Ultimately, SEO is undertaken with a view to generating leads and driving revenue. All SEO activities, and the role of corresponding performance metrics, are geared towards this end, even if indirectly (there are corner cases where the goal isn’t revenue, like visibility or brand awareness).
The overall success of an SEO program is dependent on being able to attribute results to individual strategies. To do this, you need to correlate search ranking changes with engagement, conversions, sales, and revenue.
This might be hard to do using different softwares and trying to stitch together a story. A fully integrated software suite will enable you to connect organic traffic with conversions and compare the effectiveness of different marketing channels.
Example: BrightEdge Site Report
Site Report is one of BrightEdge’s central reporting dashboards and is used to link SEO to various bottom-line metrics.
Site Report provides the following features:
- Tracking of revenue and sales from organic channels.
- Ranking overviews of indexed pages and keyword groups compared to competitors.
- Reports of clicks and impressions from organic site visitors.
- Comparisons of the performance of different digital channels, like social media and paid ads.
5. Monitor Competitor Activity
Measuring the activity of competitors is one of the best ways to determine the relative effectiveness of your SEO strategy. It will also ensure that you remain aware of tactics and practices that have been overlooked, particularly when adjusting to account for missing keywords and newly introduced on-page techniques.
It is easy for SEOs to fall into the trap of assuming that they have covered all the bases, especially if they own a large share of the market, and become apathetic as a consequence. Monitoring competitors helps maintain humility within SEO departments and protects against overconfidence. There are a lot of competitive SEO tools that help identify who is who, but we’ll use one of our products in our platform to show you how we do it.
Example: BrightEdge Share of Voice
Share of Voice is BrightEdge’s tool for monitoring overall market share and presence. Share of Voice is a valuable aggregate metric for tracking comparative performance.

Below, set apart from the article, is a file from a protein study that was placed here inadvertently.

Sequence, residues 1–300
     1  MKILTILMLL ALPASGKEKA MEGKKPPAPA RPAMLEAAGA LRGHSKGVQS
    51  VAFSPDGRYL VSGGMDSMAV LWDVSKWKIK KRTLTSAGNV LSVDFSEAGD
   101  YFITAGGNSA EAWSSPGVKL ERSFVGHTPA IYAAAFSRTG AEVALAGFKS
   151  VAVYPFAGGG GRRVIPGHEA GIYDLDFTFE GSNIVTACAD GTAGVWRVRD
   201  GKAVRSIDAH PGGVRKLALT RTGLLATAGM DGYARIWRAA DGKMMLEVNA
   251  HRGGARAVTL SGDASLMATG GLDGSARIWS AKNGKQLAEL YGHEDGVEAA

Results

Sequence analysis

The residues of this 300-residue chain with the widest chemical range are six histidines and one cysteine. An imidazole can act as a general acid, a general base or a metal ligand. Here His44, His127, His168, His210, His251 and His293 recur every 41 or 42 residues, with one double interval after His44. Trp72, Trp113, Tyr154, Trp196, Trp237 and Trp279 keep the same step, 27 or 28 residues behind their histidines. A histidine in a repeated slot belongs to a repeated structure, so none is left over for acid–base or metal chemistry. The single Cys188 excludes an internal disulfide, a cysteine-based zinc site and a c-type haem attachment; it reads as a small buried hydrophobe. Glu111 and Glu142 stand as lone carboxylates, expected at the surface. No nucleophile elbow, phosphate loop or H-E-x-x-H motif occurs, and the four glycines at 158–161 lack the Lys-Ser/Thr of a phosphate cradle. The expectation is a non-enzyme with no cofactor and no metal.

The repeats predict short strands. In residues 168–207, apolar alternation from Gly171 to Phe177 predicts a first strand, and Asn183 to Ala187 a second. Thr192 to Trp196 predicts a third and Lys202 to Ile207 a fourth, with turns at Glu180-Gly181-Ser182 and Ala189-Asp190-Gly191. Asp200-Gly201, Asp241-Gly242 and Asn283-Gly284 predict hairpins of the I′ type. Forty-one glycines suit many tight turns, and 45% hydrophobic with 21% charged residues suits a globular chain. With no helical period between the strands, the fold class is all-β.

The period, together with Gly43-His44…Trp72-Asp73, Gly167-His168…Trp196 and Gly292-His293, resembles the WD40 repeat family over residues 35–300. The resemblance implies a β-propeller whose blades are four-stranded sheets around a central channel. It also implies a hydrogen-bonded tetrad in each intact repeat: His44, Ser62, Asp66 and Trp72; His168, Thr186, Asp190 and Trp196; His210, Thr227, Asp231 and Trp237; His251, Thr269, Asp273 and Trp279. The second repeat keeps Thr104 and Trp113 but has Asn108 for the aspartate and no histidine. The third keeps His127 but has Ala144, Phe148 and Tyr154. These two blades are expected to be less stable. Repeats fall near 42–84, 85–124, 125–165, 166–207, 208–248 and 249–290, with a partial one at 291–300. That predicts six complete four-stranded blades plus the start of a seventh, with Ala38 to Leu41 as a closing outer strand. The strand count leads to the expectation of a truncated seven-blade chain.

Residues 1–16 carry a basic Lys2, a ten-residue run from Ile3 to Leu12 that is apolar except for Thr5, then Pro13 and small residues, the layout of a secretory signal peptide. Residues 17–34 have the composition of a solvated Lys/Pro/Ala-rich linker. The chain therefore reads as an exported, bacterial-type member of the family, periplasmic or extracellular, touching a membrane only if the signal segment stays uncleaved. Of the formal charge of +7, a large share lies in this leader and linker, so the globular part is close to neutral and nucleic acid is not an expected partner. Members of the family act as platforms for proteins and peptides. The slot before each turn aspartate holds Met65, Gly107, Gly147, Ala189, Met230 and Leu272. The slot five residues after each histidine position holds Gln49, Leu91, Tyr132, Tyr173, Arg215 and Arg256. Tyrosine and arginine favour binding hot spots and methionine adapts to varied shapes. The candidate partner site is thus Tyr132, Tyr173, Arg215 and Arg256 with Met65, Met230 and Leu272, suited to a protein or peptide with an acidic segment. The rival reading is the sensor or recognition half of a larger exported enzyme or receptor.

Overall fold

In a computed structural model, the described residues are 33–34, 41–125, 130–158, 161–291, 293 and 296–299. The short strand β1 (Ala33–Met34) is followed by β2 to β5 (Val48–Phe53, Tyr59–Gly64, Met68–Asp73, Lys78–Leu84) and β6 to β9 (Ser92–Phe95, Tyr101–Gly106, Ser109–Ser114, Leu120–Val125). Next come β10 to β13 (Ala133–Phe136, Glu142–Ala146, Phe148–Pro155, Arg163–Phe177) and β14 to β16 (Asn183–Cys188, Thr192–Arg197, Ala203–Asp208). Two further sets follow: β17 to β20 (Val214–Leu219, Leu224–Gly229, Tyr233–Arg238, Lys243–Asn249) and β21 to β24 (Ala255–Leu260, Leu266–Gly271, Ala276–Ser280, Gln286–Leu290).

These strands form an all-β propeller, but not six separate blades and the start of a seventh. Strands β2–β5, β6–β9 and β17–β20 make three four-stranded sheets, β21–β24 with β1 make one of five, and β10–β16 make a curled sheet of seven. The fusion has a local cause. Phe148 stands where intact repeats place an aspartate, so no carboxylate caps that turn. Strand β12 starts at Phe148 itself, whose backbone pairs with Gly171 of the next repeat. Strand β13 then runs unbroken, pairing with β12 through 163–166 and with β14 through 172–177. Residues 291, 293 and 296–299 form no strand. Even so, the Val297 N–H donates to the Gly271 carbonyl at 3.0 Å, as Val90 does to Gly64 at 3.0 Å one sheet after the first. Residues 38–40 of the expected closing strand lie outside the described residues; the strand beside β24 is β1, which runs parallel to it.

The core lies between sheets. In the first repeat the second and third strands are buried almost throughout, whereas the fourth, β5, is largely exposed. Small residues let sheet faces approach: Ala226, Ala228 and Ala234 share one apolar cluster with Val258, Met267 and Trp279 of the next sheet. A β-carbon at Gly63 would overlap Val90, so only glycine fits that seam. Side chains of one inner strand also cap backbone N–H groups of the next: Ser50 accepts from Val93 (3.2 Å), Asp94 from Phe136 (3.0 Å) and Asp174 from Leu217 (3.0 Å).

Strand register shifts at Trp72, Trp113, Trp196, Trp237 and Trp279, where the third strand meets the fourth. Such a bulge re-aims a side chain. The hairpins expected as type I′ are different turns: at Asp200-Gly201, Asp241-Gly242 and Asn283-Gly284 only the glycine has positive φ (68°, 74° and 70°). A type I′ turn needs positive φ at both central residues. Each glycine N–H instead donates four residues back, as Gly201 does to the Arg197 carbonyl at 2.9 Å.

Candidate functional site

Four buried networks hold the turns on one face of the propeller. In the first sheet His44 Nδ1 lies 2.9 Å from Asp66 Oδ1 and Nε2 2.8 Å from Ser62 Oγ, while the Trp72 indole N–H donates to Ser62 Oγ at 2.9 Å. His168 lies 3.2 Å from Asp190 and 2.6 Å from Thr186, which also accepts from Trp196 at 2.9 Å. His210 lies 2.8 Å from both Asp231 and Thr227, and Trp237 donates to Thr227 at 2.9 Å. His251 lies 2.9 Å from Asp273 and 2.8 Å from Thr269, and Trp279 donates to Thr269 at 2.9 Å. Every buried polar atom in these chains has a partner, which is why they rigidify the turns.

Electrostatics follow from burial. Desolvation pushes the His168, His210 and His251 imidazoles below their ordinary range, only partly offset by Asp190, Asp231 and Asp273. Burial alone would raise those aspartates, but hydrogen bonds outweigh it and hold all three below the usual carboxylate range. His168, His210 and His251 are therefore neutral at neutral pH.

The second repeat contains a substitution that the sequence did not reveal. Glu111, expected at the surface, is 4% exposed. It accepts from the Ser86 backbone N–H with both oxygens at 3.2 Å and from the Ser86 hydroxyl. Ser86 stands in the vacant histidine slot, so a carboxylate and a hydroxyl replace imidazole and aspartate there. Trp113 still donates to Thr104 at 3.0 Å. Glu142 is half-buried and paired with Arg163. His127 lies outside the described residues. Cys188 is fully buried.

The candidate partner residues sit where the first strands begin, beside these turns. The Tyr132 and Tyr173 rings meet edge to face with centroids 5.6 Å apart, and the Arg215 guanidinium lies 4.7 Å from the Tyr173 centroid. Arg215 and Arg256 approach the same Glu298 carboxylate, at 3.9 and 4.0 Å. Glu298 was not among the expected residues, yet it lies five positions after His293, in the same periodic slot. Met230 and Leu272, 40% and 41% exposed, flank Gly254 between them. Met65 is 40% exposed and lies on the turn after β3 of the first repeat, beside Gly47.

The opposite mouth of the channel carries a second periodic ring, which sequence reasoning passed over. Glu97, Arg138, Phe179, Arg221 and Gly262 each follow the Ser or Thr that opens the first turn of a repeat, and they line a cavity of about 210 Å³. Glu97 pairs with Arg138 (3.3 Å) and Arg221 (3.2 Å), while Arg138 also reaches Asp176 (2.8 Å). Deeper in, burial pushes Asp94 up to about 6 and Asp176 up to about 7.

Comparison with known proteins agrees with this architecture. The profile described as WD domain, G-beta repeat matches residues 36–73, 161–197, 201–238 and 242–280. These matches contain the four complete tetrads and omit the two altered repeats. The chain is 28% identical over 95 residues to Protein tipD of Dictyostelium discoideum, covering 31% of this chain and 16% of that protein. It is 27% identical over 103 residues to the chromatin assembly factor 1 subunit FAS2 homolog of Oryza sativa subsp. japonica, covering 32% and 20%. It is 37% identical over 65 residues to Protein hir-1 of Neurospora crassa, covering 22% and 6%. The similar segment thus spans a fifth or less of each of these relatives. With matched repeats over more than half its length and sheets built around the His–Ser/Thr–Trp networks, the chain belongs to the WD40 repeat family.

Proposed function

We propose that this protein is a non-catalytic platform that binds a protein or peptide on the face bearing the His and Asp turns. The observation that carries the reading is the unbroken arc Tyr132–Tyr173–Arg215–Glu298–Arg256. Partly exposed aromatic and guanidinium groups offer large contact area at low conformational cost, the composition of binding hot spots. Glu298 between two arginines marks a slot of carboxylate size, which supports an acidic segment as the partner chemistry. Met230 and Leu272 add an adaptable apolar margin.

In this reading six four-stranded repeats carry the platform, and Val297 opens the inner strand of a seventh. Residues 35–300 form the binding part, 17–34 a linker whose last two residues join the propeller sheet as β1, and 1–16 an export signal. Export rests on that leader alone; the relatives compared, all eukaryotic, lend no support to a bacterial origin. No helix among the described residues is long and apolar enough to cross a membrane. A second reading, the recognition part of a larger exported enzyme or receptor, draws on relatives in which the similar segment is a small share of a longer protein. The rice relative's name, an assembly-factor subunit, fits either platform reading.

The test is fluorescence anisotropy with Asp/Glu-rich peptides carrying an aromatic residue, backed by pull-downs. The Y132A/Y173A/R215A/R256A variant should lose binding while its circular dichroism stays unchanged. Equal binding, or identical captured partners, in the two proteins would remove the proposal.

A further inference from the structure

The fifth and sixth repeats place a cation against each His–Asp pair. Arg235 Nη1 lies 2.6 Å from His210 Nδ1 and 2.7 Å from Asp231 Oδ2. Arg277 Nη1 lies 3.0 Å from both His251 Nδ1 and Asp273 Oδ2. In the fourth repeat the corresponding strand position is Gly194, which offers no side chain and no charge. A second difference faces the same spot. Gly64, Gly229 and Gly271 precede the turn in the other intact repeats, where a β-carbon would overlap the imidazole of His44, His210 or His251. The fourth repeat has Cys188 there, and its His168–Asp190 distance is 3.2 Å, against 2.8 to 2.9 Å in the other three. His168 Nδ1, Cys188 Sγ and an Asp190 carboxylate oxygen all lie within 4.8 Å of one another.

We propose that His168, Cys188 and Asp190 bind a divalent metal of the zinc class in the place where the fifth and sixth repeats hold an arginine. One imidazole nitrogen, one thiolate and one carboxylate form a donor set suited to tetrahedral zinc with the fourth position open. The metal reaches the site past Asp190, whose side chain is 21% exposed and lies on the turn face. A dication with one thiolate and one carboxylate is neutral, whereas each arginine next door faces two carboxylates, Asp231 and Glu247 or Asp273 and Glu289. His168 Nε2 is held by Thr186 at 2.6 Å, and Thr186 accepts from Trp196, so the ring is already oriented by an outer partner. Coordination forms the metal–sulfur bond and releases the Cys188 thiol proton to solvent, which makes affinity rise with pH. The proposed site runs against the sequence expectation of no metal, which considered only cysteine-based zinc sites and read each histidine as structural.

Share of Voice provides the following functionality:
- Tracking of competitor performance for keyword groups and measurement of your site’s share of voice.
- Insights about competitor SEO activity like backlink strategies and on-page optimization.
- Tracking of goals related to market presence. For example, if you own 10% of all keywords relevant to a certain product, you may set a goal to increase your share to 15%. Your progress can be measured using Share of Voice features.
SEO measurement is about more than picking a handful of metrics and publishing monthly reports. It should tie in with your overall marketing and business goals. SEO that exists in a silo cannot be sustained over the long term, and to have an effective strategy you need to collaborate with other functions of the business including content, UX, engineering and more.
Similarly, it is vital to measure both positive and negative changes. Doing so allows you to identify where to allocate resources. SEOs often have a tendency to report exclusively on the good things, but in reality it’s the shortcomings that help you outline “what’s next?”.
Moreover, tools are critical when putting together an infrastructure that enables you to track all your SEO processes. And as discussed throughout this article, there are pain points in point solutions that can be overcome by using an enterprise SEO platform to help manage and govern your strategy.
With all that in mind, it’s probably time to start thinking about those all-important KPIs. Perhaps a cup of coffee first, though?